Happy Monday, View readers. On to my morning reads.
Global corporate bond sales lowest in five years
A plunge like this was bound to happen once interest rates for Treasuries started rising again. From the Financial Times: "Just $61bn in investment grade corporate debt has been raised so far in August, putting it on course to be the weakest month since 2008, according to data from Dealogic. In August last year, more than $121bn in new corporate debt was issued."
Emerging markets are not part of Federal Reserve's dual mandate
Coordinate monetary policy with other countries? Fed officials say it isn't going to happen. "You have to remember that we are a legal creature of Congress and that we only have a mandate to concern ourselves with the interest of the United States," says Dennis Lockhart, president of the Federal Reserve Bank of Atlanta.
The human tragedy of the Nasdaq trading halt
Randall Forsyth of Barron's has a humorous take on last week's breakdown at the Nasdaq Stock Market: "Do these companies actually exist if investors cannot trade claims on their future values? And if you own one of those claims, are they worth anything if you cannot obtain an instantaneous quote? This was a huge failing for the country, threatening our very national security."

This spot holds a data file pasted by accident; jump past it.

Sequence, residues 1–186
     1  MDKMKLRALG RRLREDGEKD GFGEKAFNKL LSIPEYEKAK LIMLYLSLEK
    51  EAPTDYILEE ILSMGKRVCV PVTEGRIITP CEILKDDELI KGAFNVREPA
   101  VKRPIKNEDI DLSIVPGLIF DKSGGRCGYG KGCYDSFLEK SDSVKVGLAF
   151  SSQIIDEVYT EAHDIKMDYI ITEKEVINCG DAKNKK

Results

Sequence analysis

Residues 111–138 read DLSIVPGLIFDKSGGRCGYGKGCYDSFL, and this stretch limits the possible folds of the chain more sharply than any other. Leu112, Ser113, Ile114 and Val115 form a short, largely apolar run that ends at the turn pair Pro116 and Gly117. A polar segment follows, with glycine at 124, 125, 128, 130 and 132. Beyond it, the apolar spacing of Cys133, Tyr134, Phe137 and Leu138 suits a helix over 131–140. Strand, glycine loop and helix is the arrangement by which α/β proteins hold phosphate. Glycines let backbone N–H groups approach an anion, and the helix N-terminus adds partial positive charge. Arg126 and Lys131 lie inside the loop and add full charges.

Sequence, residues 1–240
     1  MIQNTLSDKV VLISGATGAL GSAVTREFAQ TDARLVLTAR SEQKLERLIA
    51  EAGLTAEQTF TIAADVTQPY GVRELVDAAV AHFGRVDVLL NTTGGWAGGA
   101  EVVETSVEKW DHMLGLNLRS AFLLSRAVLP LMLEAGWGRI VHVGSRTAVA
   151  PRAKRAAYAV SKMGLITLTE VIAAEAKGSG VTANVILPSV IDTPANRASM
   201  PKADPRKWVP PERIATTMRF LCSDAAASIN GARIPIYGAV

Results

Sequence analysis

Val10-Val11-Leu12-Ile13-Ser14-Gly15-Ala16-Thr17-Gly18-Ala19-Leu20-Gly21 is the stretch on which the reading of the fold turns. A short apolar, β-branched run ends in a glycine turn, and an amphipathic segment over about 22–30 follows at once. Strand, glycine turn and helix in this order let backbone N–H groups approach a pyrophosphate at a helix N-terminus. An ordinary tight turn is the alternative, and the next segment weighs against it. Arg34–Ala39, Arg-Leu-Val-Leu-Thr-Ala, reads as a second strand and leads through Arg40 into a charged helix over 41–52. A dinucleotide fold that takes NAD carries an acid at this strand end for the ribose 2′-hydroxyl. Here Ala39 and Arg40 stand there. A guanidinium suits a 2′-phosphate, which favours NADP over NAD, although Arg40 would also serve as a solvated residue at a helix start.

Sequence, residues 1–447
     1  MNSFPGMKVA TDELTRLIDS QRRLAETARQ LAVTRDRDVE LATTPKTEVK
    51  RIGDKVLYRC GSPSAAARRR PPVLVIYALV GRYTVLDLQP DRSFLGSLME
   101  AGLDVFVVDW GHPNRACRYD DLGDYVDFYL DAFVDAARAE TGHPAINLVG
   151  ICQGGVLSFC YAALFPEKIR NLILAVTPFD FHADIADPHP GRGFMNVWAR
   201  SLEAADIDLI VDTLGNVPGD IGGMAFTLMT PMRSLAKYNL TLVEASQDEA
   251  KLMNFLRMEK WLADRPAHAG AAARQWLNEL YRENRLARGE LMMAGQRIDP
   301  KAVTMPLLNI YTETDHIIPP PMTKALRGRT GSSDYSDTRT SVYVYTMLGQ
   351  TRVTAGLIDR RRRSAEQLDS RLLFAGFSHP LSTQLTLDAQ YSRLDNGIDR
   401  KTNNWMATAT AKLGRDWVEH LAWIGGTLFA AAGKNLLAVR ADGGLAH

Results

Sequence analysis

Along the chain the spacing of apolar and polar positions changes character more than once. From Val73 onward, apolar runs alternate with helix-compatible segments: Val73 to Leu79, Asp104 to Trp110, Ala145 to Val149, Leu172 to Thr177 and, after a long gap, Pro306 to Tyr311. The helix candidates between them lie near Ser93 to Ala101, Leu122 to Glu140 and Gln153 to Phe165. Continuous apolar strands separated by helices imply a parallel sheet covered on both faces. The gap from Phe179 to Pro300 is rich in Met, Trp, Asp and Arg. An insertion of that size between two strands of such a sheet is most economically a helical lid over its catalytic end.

Big banks still holding the rest of us hostage
Stanford University economics professor Anat Admati, a longtime proponent of requiring banks to hold more capital, says the financial system is no safer than it was five years. "We will never have a safe and healthy global financial system until banks are forced to rely much more on money from their owners and shareholders to finance their loans and investments," she writes in the New York Times.
Housing market roars back in South Florida
Remember, this area was a huge part of the housing bust. From the Sun-Sentinel of South Florida: "In Boca Raton, it seems the real estate market is ready to party like it's 2005 again." The city's zoning board approved "the first large scale, single-family home project in nearly a decade." The development would have 223 homes no smaller than 4,300 square feet, starting at $1.2 million each.
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Jonathan Weil at firstname.lastname@example.org